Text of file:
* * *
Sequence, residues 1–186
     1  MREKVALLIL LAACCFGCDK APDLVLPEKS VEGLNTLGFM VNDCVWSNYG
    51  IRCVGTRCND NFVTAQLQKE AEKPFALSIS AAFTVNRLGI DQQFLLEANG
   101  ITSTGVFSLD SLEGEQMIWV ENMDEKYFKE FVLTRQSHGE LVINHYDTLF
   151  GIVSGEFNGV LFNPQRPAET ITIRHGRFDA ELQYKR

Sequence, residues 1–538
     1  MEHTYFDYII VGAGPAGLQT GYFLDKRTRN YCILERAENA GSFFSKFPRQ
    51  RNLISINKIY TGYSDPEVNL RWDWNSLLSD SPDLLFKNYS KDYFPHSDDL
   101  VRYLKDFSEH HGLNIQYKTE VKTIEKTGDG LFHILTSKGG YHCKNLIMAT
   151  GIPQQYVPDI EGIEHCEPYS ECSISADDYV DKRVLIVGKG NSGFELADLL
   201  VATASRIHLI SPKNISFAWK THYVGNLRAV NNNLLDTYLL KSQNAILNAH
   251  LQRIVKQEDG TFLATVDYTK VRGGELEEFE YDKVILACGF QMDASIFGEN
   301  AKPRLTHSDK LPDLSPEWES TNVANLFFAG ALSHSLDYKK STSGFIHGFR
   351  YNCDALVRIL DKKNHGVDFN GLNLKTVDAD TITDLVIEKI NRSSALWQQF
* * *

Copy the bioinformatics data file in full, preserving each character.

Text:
Sequence, residues 1–186
     1  MREKVALLIL LAACCFGCDK APDLVLPEKS VEGLNTLGFM VNDCVWSNYG
    51  IRCVGTRCND NFVTAQLQKE AEKPFALSIS AAFTVNRLGI DQQFLLEANG
   101  ITSTGVFSLD SLEGEQMIWV ENMDEKYFKE FVLTRQSHGE LVINHYDTLF
   151  GIVSGEFNGV LFNPQRPAET ITIRHGRFDA ELQYKR

Sequence, residues 1–538
     1  MEHTYFDYII VGAGPAGLQT GYFLDKRTRN YCILERAENA GSFFSKFPRQ
    51  RNLISINKIY TGYSDPEVNL RWDWNSLLSD SPDLLFKNYS KDYFPHSDDL
   101  VRYLKDFSEH HGLNIQYKTE VKTIEKTGDG LFHILTSKGG YHCKNLIMAT
   151  GIPQQYVPDI EGIEHCEPYS ECSISADDYV DKRVLIVGKG NSGFELADLL
   201  VATASRIHLI SPKNISFAWK THYVGNLRAV NNNLLDTYLL KSQNAILNAH
   251  LQRIVKQEDG TFLATVDYTK VRGGELEEFE YDKVILACGF QMDASIFGEN
   301  AKPRLTHSDK LPDLSPEWES TNVANLFFAG ALSHSLDYKK STSGFIHGFR
   351  YNCDALVRIL DKKNHGVDFN GLNLKTVDAD TITDLVIEKI NRSSALWQQF